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This collection covers a topic in Drupal 7 which may or may not be the version you're using. We're keeping this tutorial online as a courtesy to users of Drupal 7, but we consider it archived.
As Drupal site-builders and developers we are all very aware that Drupal core 7.x is not the most useful product out of the box. We constantly add modules and custom code to make Drupal what we want it to be. There is nothing wrong with this, in fact it is what attracts people to using Drupal in the first place. The block system that comes with core is what we get after installation as our real only means to laying "stuff" out for our website. People have done things like turning nodes into blocks, or making every block on our a site a view. These concepts worked, but had a lot of draw backs for usability and performance. There are lots of other layout tools for a person to use, but this series is going to take a look at the Context module and Bean module. These two modules are really two completely different modules but when used together give us some pretty powerful options in place of Drupal's core block system.
As Drupal site-builders and developers we are all very aware that Drupal 7 is not the most useful product out of the box. We constantly add modules and custom code to make Drupal do what we need. There is nothing wrong with this, in fact it is what attracts people to using Drupal in the first place. The block system that comes with core is what we get after installation as our real only means to laying "stuff" out for our website. People have done things like turning nodes into blocks, or making every block on our a site a view. These concepts work, but have a lot of draw backs for usability and performance. There are lots of layout tools to use, but this series is going to take a look at the Context and Bean modules. These two modules are really two completely different modules but when used together give us some pretty powerful options in place of Drupal's core block system.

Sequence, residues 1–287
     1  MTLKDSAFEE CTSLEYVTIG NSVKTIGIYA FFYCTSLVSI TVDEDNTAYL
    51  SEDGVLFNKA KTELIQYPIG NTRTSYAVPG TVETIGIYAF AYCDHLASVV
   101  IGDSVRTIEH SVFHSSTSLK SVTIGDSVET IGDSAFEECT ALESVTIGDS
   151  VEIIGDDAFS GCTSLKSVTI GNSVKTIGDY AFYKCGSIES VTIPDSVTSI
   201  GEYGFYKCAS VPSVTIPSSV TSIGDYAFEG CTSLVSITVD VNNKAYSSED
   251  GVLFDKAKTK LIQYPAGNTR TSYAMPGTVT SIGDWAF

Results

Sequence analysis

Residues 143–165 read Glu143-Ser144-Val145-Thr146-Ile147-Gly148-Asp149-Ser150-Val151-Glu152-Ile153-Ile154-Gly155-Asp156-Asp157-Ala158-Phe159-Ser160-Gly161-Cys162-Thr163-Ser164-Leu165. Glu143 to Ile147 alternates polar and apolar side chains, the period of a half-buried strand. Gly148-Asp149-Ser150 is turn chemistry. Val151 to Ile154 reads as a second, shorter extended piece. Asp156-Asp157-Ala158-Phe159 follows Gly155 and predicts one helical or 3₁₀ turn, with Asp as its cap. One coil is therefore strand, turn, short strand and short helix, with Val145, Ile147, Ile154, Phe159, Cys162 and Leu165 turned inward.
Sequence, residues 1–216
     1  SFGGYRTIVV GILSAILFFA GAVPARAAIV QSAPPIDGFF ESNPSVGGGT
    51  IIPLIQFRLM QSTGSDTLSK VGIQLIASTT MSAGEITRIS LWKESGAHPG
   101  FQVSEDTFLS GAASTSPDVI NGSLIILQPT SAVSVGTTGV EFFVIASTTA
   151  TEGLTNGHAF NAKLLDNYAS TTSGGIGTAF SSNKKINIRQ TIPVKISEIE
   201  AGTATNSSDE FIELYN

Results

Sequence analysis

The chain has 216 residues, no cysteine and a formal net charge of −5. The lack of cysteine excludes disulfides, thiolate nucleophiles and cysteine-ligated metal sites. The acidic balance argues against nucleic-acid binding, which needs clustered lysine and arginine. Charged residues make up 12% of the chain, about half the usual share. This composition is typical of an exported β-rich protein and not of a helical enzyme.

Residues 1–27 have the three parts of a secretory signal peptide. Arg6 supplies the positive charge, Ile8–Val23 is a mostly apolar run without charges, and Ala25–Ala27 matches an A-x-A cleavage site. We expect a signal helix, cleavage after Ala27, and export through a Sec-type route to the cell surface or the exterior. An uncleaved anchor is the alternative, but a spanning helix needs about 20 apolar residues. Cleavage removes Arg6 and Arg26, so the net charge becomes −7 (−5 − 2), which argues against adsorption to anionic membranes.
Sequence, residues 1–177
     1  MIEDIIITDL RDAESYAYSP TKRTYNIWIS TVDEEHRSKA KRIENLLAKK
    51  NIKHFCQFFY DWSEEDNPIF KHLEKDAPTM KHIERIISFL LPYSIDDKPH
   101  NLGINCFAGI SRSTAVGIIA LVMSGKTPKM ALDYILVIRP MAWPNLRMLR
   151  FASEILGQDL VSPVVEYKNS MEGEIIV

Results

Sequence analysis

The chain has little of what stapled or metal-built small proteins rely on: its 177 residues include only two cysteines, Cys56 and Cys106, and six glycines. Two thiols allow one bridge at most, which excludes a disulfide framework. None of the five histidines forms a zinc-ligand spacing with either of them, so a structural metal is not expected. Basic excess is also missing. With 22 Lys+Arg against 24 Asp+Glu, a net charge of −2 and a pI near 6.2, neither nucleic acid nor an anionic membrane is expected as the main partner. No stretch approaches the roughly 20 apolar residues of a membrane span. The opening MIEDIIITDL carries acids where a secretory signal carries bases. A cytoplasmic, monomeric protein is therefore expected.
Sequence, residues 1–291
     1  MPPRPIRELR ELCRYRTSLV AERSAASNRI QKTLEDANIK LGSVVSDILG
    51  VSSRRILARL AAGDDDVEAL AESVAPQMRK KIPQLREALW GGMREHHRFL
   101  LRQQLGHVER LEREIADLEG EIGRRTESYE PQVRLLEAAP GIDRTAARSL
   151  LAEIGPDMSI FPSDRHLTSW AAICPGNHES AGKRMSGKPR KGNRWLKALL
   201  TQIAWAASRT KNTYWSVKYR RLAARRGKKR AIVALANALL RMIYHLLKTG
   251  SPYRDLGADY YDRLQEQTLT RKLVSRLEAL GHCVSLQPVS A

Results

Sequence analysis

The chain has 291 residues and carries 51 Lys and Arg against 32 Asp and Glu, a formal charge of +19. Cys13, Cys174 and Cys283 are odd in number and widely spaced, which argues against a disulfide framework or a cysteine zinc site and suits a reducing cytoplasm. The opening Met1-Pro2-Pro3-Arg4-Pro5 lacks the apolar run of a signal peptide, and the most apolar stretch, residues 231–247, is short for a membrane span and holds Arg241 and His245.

One of the key problems with the block system in core is it's very limiting. You are limited to a small set of tools for when and how to show a block. Once you lay out your blocks you are basically done—blocks can't be placed in multiple regions. Most importantly, block configurations are not exportable. With the Context module, you lay things out based on the context of your site. A block can exist in one region for one context and a different region for another. Essentially Context is a more advanced block placement form.
In this lesson we'll get started with Context by installing the module on our site, and then walking through the user interface we have to work with. We'll discuss things like conditions and reactions, and see how things are set up.
In this lesson we will build our first simple context. We will create a custom block that contains copyright information. We will use Context and the "site-wide" condition to place this custom block in the footer region of our site.